Slicers as an Alternative to Conditional Drop Downs

Slicers by Jeff Lenning

Beginning with Excel 2013 for Windows, we can use Slicers to filter table data. In this post, we’ll explore how to use Slicers as a relatively easy alternative to conditional drop-downs.


When we want to allow a user to select a choice from a list of items, we often consider using the Data Validation feature to set up a drop-down with the list of choices. When there is a second input cell whose choices depend on the option selected in the primary drop-down, we often consider using Data Validation to create a secondary drop-down as well. We use some formula wizardry to create the secondary drop-down list of choices. This type of scenario is illustrated below.


Unfortunately, the formula that defines the secondary list of choices can be tricky to set up 🙁

Fortunately, there is an alternative 🙂

Slicers are an alternative, as illustrated below.


Now, let’s walk through the steps of creating the slicers.


To set up the workbook, we’ll go through the following steps.

  • Store the data in a table
  • Slicers
  • Helper column
  • Retrieve selected table data

Let’s get to it.

Store the data in a table

The first step is to ensure the data is stored in a table. If not, you can easily convert the ordinary range into a table by selecting any cell in the range and then the following Ribbon icon:

  • Insert > Table

The resulting data table is shown below.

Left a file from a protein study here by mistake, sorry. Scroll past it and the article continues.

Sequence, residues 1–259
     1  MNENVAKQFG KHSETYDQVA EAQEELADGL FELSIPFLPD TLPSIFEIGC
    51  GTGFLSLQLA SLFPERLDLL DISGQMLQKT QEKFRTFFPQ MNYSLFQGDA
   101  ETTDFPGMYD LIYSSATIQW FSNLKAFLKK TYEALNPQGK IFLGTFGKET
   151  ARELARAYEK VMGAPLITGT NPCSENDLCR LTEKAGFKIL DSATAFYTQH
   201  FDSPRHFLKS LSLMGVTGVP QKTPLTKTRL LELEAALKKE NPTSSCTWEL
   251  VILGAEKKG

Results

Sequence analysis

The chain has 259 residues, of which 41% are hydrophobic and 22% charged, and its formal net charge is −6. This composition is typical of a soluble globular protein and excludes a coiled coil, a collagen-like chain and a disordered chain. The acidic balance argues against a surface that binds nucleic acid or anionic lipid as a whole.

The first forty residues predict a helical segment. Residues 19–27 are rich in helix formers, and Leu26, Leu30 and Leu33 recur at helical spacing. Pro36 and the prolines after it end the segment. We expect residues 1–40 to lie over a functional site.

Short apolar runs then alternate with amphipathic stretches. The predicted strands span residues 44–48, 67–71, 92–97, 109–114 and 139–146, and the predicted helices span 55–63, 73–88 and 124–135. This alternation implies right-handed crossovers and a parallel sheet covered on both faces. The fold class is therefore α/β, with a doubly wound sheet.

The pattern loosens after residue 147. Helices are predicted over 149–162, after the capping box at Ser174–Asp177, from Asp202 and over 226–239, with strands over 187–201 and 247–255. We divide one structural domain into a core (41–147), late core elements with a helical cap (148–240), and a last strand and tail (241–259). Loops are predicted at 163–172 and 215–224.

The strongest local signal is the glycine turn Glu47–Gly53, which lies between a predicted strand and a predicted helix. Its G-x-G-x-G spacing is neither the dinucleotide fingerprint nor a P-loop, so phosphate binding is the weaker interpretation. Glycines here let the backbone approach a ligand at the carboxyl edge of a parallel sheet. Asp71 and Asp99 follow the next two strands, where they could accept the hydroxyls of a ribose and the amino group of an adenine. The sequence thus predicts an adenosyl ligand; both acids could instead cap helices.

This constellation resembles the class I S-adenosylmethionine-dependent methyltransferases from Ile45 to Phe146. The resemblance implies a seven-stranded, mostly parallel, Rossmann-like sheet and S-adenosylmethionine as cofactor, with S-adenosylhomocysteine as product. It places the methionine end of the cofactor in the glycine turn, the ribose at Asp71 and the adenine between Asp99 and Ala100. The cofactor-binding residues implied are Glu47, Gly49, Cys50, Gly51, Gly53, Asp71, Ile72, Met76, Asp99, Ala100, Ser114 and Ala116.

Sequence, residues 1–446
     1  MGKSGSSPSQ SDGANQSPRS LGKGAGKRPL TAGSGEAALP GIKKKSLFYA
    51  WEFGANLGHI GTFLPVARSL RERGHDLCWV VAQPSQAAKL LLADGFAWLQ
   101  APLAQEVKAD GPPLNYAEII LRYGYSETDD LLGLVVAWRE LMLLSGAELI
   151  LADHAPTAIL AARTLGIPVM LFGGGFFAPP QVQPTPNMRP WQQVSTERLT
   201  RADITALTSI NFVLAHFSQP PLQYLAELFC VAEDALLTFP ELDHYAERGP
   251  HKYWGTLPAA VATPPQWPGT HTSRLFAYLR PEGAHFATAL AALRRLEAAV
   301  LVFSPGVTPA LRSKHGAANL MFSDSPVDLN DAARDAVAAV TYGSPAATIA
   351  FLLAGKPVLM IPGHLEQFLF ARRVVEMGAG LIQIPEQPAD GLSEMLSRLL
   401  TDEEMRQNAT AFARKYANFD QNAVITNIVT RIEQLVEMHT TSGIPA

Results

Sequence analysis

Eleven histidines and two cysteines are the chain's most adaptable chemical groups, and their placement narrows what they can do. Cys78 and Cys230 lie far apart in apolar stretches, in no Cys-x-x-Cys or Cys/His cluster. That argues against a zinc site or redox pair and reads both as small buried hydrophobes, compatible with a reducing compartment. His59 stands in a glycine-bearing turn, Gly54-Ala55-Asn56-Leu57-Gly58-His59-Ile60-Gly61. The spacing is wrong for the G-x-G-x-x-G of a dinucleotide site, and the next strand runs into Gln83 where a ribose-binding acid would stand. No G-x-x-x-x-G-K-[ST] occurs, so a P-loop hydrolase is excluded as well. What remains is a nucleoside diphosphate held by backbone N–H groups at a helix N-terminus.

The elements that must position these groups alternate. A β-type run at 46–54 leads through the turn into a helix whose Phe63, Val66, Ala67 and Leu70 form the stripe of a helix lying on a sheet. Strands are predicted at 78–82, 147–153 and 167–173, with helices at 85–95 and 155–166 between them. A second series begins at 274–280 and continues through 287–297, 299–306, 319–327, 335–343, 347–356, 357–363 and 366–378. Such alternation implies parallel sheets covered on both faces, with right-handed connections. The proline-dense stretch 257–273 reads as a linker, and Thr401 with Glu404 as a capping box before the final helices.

Excel automatically named the table Table1, but, we could change the table’s name if desired by using the following Ribbon field:

  • Table Tools > Design > Table Name

We’ll stick with the default name, Table1, and keep moving. With our data stored in a table, we can now proceed to inserting the Slicer controls.


Beginning with Excel 2013 for Windows, Slicers can filter Tables. Since we want to allow the user to select a State, and then a valid City, and then a valid Street, we need to set up three slicers. We select any cell in the table and then the following Ribbon icon:

  • Insert > Slicer

The resulting Insert Slicers dialog allows us to pick which columns we’d like to filter. In our case, we check State, City, and Street, as shown below.


Excel inserts the three Slicer controls into our worksheet, as shown below.


Now, we can use standard cut/paste commands to move the Slicers into any other worksheet, in our case, the Slicers worksheet. After aligning them and re-sizing them, they appear as shown below.


You can click on a slicer button and you’ll notice the other slicers update accordingly to highlight available options.

In order to hide the invalid options, for example to hide cities that aren’t in the selected State, select the City Slicer and then open the Slicer Settings dialog box by selecting the following Ribbon icon:

  • Slicer Tools > Options > Slicer Settings

In the dialog, check the Hide items with no data checkbox, as shown below.


We do this for the dependent Slicers, that is, the City and Street Slicers. Now, only valid combinations of choices will appear.

There are many additional formatting options, and I’d encourage you to play with them by selecting a Slicer and then exploring the Slicer Tools > Options Ribbon tab. There are styles with many beautiful colors, alignment options, and you can control the button size and overall slicer control size as well.

With the Slicers in place, it is now time to retrieve the table values into cells. To do so, we’ll start by setting up a helper column.

Helper column